A great variety of these curious creatures have spread over parts of Africa, tropical Asia and South America -- there are fourteen genera in all -- and this wide distribution of of a helpless, untraveled group has been used as evidence of the former connection of Africa and South America. That fact alone tells a tale of ancient days that still hold mysteries.

Two Chinese Fire Bellied Newts (Cynop pyrrhogaster) Angela (right) Nick (left)
Two Chinese Fire Bellied Newts (Cynop pyrrhogaster) Angela (right) Nick (left) | Source


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    • zaton profile image


      7 years ago from California

      Great work. Axolotls are scary - looking creatures, almost like they're not from this earth.

    • jlr( jr) profile image

      jlr( jr) 

      8 years ago

      I have a tiger salamander and there is something wrong with his back leg it seems to be twisted forward but he still uses it and it wont go back to the right position.

    • profile image

      Reptile Blog 

      8 years ago

      The spectacled newt looks beautiful. Excellent vidoes. Voted up!

    • profile image


      8 years ago

      This is so cool

    • profile image


      8 years ago

      Great hub!

    • profile image


      9 years ago

      The picture of the giant chinese salamander is insane! How have I not heard of them before?! Excellent article.

    • Jerilee Wei profile imageAUTHOR

      Jerilee Wei 

      10 years ago from United States

      Thanks jill of alltrades! They are so cute.

    • jill of alltrades profile image

      jill of alltrades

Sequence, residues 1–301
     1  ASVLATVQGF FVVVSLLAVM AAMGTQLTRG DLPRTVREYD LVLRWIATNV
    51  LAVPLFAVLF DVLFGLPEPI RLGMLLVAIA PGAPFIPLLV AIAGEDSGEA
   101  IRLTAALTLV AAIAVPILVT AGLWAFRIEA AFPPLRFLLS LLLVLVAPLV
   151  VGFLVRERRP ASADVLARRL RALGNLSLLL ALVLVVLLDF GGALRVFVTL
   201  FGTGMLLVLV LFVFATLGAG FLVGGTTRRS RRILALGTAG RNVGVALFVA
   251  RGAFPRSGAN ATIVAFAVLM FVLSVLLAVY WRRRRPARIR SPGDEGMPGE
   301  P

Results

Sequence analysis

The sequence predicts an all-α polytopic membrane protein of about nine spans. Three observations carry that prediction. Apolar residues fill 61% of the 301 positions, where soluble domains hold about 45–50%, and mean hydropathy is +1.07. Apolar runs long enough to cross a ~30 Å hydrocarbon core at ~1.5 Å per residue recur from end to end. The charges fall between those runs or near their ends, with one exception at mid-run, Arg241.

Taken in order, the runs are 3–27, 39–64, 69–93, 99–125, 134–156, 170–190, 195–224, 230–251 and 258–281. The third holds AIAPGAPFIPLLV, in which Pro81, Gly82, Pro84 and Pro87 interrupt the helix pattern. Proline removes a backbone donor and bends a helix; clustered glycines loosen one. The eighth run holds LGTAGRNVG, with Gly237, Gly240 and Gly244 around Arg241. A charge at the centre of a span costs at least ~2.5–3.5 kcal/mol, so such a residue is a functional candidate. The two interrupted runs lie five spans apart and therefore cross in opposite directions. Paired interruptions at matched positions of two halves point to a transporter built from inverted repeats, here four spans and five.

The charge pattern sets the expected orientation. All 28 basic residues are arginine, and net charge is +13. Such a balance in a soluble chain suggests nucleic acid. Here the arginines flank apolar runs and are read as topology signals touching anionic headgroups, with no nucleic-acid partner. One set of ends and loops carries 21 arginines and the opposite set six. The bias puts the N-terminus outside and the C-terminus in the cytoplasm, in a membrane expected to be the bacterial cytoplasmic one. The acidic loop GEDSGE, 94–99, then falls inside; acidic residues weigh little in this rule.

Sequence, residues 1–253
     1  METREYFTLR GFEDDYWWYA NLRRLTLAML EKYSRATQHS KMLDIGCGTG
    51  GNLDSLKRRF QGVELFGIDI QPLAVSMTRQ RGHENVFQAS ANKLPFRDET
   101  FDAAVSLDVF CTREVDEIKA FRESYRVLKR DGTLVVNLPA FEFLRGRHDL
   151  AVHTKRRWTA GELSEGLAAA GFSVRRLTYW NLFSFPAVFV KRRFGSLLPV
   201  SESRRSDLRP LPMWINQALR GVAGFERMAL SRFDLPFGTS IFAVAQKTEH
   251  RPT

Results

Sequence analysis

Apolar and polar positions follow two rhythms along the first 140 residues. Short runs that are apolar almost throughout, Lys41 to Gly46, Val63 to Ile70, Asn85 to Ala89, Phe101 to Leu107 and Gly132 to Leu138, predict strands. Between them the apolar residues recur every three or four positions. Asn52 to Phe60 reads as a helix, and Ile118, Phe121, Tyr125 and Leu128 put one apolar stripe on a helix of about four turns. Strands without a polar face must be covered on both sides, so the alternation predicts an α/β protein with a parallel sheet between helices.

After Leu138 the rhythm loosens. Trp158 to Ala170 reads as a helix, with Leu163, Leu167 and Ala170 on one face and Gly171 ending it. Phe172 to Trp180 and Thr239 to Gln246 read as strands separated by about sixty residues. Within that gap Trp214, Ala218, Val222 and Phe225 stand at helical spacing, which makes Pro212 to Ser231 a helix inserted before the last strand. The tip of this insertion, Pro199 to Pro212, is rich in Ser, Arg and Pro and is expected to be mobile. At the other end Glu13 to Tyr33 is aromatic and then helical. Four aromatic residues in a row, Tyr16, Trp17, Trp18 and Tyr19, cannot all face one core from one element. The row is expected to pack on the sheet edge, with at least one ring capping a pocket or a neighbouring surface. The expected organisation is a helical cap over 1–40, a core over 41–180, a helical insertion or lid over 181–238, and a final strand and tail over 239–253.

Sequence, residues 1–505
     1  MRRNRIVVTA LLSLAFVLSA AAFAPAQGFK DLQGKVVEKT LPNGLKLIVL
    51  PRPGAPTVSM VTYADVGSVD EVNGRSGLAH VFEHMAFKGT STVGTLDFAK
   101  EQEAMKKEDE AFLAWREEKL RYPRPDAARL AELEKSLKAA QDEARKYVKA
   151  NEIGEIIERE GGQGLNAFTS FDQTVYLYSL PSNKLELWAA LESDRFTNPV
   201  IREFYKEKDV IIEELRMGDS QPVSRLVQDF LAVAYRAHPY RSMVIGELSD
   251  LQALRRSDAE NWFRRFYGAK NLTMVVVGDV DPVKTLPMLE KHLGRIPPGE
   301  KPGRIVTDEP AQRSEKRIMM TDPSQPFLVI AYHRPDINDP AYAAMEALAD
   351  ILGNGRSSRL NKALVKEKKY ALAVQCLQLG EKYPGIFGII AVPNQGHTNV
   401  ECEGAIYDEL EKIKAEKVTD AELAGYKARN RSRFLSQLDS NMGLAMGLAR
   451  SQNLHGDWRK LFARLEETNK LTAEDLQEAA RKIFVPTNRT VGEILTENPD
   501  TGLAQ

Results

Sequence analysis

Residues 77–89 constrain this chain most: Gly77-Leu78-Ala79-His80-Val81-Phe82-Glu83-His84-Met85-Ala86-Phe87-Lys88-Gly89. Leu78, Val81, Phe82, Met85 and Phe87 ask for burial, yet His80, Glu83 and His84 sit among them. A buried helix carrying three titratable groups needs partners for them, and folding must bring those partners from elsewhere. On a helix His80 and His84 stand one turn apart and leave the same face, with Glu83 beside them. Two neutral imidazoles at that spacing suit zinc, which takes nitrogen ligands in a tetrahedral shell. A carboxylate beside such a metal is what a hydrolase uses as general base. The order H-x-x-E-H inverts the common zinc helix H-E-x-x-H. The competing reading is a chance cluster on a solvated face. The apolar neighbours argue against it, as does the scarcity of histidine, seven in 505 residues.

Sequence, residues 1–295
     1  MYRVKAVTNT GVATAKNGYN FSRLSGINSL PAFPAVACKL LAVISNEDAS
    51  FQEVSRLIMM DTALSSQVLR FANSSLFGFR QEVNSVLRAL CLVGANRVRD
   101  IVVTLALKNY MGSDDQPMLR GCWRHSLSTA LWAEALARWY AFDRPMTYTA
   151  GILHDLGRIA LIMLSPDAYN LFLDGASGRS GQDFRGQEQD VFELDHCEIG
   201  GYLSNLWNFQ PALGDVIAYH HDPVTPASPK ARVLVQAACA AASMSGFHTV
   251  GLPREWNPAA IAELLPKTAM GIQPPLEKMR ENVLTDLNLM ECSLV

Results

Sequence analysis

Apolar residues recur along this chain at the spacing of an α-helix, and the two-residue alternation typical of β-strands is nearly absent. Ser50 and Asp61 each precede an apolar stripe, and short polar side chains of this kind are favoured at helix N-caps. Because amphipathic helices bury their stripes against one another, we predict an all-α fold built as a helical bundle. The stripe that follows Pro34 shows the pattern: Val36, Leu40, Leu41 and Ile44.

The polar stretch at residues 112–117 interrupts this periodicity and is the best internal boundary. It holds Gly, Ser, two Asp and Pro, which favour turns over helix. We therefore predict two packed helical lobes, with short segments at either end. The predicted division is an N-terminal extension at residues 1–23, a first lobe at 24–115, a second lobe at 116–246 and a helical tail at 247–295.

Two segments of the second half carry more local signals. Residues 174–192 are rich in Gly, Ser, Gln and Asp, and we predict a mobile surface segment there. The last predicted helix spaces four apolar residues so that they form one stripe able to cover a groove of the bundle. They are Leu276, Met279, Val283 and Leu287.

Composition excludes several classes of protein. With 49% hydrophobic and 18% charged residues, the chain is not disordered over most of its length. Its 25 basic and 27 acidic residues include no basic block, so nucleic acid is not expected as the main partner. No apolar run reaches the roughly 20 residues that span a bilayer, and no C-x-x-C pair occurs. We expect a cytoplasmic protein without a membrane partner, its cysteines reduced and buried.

10 years ago from Philippines

      I enjoyed reading this!

      We don't have any axolotls here in the Philippines so when I was in the USA as a graduate student I was so excited to find them swimming in the lab tank.

      Thank you for sharing!

    • Jerilee Wei profile imageAUTHOR

      Jerilee Wei 

      10 years ago from United States

      Thanks RNMSN! Aren't they adorable!

    • RNMSN profile image

      Barbara Bethard 

      10 years ago from Tucson, Az

      This one was such a fun read JeriLee!! my favorite of course is the little Axolotl I want one!!

    • Jerilee Wei profile imageAUTHOR

      Jerilee Wei 

      10 years ago from United States

      Thanks LeonJane! I didn't know that. There are definitely some weird and wonderful creatures few people know how many.

    • LeonJane profile image


      10 years ago from Australia

      Wow, quite a comprehensive list! I remember having Axolotls when I was younger; they are quite the talking point amongst friends and family. The main problem that I remember is you have to keep the external gills from being damaged and thus getting fungal disease. This hub reminds me that there are quite a few weird and wonderful creatures out there!

    • Jerilee Wei profile imageAUTHOR

      Jerilee Wei 

      10 years ago from United States

      Thanks Nancy's Niche! I was a little shocked at the size of the Giant Chinese ones.

    • profile image

      Nancy's Niche 

      10 years ago

      Very interesting and informative article. The Olm and giant chinese salamander are quite amzing creatures...

    • Jerilee Wei profile imageAUTHOR

      Jerilee Wei 

      10 years ago from United States

      Thanks Hmrjmr1!

    • Hmrjmr1 profile image


      10 years ago from Georgia, USA

      Very Interesting Hub! Good Job thanks!